Our closest connection is to New York, because that’s the music we grew up on and we love. This entire New York hardcore scene, Agnostic Front, or the early Youth Crew bands. We’ve met them at an early stage of their careers, when they haven’t been as popular as they are now, so we are more like... We are friends. We’ve worked with so many bands. We’ve been a record label at a certain part of our career. We’ve worked with bands. We’ve released 7"s from Agnostic Front. We’ve done a record with a band like Hatebreed. Hatebreed is one of the biggest bands out there, still touring their ass off, playing over 200 shows a year.
The store is still right in the center of Kreuzberg, basically on the main street. Kreuzberg used to be right next to the Wall. And there was still a wall between East and West Berlin. Kreuzberg has always been a rather poor district with a lot of immigrants. Mainly from Turkey, which is also the part that makes this neighborhood very unique. But it was also always a part that made the neighborhood a little bit problematic for many reasons. So, this really is its own district, and for years and years, I have known so many Kreuzbergers, they don’t leave the district. They have everything they need. They have the cinema, they have their bar, their venue. I’m from a different district. I’m born and raised in Charlottenburg, I always had to take this journey to come here. It’s a little bit like a little village. It’s very nice.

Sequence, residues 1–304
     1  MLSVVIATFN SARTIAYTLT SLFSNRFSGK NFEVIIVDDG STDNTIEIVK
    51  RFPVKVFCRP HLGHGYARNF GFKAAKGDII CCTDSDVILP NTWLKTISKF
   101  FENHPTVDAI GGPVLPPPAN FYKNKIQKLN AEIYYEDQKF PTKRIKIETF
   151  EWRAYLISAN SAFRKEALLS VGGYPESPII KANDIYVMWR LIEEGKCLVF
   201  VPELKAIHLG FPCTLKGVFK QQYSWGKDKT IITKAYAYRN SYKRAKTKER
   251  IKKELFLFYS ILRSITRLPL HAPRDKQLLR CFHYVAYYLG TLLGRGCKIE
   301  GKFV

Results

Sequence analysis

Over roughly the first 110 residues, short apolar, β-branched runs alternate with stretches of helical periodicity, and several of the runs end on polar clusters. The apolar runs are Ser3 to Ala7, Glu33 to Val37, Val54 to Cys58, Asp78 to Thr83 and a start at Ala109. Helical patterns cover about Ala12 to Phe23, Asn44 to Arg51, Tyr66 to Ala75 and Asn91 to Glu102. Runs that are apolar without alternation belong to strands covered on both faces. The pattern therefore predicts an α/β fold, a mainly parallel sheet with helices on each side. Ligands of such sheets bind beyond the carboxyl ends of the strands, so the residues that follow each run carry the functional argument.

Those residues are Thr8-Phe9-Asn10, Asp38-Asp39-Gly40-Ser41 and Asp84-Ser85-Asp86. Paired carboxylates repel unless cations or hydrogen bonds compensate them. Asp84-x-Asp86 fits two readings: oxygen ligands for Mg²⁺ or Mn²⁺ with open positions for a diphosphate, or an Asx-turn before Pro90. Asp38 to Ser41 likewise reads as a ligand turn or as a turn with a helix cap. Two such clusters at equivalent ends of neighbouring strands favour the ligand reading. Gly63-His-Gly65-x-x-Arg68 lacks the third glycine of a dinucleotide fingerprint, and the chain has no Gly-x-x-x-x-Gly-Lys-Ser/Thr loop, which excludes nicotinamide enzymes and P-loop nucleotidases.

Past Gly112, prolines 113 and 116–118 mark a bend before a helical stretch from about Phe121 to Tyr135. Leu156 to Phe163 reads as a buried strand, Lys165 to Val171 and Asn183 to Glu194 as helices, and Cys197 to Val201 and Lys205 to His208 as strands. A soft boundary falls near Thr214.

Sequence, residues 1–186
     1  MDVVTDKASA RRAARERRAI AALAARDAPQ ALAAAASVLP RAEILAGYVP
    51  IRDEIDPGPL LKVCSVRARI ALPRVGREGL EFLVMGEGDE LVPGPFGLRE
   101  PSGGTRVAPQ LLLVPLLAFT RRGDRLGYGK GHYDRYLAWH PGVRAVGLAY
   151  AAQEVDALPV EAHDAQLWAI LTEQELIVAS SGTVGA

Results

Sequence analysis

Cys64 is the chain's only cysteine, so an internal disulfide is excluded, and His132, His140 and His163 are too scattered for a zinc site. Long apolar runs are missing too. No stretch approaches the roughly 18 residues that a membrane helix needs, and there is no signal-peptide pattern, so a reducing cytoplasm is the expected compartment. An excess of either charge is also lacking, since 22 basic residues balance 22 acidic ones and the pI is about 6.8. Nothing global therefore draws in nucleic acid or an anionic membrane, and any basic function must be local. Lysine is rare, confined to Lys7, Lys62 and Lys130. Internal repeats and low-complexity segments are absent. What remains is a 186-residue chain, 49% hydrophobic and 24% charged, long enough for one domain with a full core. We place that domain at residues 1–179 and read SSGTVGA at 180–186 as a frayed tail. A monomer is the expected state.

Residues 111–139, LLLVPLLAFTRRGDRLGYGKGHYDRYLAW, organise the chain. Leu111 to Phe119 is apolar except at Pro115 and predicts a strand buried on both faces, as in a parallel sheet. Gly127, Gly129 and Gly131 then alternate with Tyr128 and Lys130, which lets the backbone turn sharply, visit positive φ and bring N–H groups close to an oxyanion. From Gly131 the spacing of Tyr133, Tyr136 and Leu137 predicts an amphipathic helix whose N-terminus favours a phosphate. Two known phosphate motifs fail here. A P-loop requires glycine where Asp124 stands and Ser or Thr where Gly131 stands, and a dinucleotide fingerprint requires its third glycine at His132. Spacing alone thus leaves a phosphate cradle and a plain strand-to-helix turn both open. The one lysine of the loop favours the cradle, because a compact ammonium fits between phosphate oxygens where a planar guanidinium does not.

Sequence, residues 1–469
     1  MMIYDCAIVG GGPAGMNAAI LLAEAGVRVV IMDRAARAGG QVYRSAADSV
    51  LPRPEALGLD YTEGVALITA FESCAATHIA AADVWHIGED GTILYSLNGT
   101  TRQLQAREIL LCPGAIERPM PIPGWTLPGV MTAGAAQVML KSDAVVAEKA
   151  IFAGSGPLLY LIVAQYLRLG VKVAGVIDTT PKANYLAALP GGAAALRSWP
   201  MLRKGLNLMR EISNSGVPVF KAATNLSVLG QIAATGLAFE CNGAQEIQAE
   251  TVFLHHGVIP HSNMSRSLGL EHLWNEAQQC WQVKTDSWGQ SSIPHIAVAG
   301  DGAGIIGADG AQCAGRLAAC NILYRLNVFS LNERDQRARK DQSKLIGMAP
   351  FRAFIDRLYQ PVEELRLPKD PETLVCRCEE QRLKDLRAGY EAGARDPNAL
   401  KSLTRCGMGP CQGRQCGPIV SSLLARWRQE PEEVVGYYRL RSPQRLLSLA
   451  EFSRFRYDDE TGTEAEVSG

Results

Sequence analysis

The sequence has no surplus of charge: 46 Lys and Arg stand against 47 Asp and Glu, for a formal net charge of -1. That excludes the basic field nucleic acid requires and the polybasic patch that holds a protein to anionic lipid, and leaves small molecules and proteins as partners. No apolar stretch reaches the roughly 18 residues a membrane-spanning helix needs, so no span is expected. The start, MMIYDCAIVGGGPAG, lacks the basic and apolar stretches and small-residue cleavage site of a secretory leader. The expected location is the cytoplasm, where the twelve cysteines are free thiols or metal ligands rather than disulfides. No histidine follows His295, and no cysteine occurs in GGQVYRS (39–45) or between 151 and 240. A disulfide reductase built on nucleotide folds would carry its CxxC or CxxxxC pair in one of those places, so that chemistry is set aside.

In the very beginning, it was like an outskirt district. It was really cheap. There were a lot of abandoned buildings, really low rents, and in the ’80s, there was a huge squat scene. Like many European cites. Kreuzberg has always been very particular, with a very strong left wing movement. Many activists. This has stayed like this. Only that now a lot of these people who chose to be squatters, maybe now they run a bar, a venue. We’ve been working with the same people, like the people who run the famous SO36 club, only a few blocks down the street. For us, having a show at SO36 is the perfect spot, because the people can show up at the store, maybe grab a beer, maybe even buy their ticket for a little cheaper, and then they go over to the show.
I just wanna continue what we do, fighting this big type of capitalism. We just wanna be a record shop. And I can really say, as long as there’s people out there that love hard, or extreme, or other good music, we will be here to sell it, and to distribute it in order to help the bands and the artists to have a shot like us. The music we love, it belongs in the club. It doesn't belong in the disco, it doesn’t belong in your car, it doesn’t belong in your headphones. It belongs in the dark club with your friends, stage diving, pogoing, slam dancing.